The National Transportation Safety Board released a preliminary report indicating a ramp worker who was pulled into an Embraer E175 jet engine and killed at Montgomery Regional Airport on Dec. 31 had walked too close to the running engine despite warnings.
Courtney Edwards, 34, of Montgomery was killed in the incident. Edwards was a ground agent for Piedmont Airlines.
Edwards is survived by three children and her mother, among other family and friends. A gofundme campaign has raised nearly $100,000 for funeral expenses and costs associated with raising her children.
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American Eagle flight ENY3408 was a regularly scheduled passenger flight from Dallas-Fort Worth Texas to Montgomery on the afternoon of New Year's Eve, according to the report. On board were 59 passengers and four crew, none of whom were injured.
The pilot reported that it was an uneventful flight.
Upon arrival at the gate, the captain stopped the aircraft, set the parking brake and gave the hand signal to connect the plane to ground power. As he was shutting down one of the engines, he got an alert that the forward cargo door was open. The first officer opened his cockpit window to let a worker know that the engines were still operating.
"Immediately thereafter, he saw a warning light illuminate and the airplane shook violently followed by the immediate automatic shutdown of the number 1 engine," according to the report. "Unsure of what had occurred, he extinguished the emergency lights and shut off both batteries before leaving the flight deck to investigate."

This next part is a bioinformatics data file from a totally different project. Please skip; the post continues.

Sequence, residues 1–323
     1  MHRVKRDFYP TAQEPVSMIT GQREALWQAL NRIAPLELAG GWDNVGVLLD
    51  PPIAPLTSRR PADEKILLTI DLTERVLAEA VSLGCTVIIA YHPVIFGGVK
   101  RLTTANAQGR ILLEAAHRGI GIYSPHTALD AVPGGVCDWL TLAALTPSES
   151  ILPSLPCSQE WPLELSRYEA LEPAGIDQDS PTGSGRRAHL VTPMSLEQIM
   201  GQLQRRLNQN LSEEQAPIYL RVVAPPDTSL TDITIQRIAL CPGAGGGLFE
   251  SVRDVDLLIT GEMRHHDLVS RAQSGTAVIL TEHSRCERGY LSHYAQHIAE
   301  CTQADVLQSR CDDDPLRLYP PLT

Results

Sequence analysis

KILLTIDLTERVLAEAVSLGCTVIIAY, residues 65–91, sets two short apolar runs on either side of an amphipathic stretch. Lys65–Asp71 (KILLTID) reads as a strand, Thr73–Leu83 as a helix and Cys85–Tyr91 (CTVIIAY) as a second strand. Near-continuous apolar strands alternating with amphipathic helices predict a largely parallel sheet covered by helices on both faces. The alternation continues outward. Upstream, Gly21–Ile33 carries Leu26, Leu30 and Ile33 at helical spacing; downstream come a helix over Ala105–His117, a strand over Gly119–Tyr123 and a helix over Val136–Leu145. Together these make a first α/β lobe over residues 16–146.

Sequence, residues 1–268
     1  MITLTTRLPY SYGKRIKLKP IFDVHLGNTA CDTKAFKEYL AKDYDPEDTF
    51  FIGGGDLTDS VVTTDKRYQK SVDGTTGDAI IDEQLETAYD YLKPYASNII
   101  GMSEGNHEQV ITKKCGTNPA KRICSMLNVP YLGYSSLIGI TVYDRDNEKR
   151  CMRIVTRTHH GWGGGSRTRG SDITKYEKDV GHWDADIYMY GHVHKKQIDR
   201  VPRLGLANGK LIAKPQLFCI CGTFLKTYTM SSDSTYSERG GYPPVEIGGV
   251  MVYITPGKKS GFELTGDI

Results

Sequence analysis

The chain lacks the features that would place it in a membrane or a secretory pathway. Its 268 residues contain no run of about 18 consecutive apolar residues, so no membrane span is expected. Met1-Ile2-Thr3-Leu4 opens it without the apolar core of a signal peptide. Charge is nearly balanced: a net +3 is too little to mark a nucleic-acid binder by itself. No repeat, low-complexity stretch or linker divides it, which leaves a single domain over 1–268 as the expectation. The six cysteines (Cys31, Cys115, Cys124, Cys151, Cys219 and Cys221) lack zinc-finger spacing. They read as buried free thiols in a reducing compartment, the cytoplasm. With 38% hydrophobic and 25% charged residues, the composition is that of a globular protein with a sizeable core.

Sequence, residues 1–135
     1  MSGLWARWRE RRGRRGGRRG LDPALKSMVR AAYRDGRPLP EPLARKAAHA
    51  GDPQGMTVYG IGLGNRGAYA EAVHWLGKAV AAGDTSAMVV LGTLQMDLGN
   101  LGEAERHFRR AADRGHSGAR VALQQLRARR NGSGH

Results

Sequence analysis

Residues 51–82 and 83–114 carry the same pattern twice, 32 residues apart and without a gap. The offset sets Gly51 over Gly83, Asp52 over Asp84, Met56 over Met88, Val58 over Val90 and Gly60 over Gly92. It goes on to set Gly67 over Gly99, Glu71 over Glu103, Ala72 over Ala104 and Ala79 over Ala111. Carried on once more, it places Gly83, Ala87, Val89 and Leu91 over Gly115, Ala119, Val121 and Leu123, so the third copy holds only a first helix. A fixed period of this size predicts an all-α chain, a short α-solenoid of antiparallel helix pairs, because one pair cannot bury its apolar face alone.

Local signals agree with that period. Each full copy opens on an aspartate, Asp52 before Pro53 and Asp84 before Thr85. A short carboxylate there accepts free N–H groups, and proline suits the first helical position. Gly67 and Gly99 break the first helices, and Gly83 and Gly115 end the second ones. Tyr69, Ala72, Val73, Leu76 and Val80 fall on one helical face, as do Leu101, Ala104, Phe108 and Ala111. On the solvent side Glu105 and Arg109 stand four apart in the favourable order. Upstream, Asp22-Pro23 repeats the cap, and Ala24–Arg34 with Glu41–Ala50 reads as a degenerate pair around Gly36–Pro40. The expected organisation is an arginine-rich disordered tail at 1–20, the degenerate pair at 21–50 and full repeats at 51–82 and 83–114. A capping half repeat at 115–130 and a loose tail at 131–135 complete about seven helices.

Video surveillance showed Edwards walking along the edge of the left wing and in front of the first engine, which is on the left side of the aircraft.
"She was subsequently pulled off her feet and into the operating engine," according to the report.
One worker said he'd seen Edwards approach the back of the plane to set the rear safety cone. He then observed her "almost fall over from the engine's exhaust while he attempted to alert her to stay back and wait for the engines to be shut down."
Another worker yelled and waved her off because the engine was still running. She began to move away from the plane, but then he heard a "bang," and the engine shut down.
Ground crew members said they held a safety briefing about 10 minutes before the plane arrived. They had a second safety "huddle" just before the plane arrived at the gate "to reiterate that the engines would remain running until ground power was connected. It was also discussed that the airplane should not be approached" until engines were spooled down and the flight crew had turned off the rotating beacon.
The report also noted that the American Eagle Ground Operations Manual, updated in July of 2022, warns employees not to approach the area in front of a running jet engine. Known as the "ingestion zone," that area extends about 15 feet.
Alex Gladden is the public safety reporter for the Montgomery Advertiser. She can be reached at email@example.com.
This article originally appeared on Montgomery Advertiser: NTSB releases preliminary report on Alabama ramp worker's jet death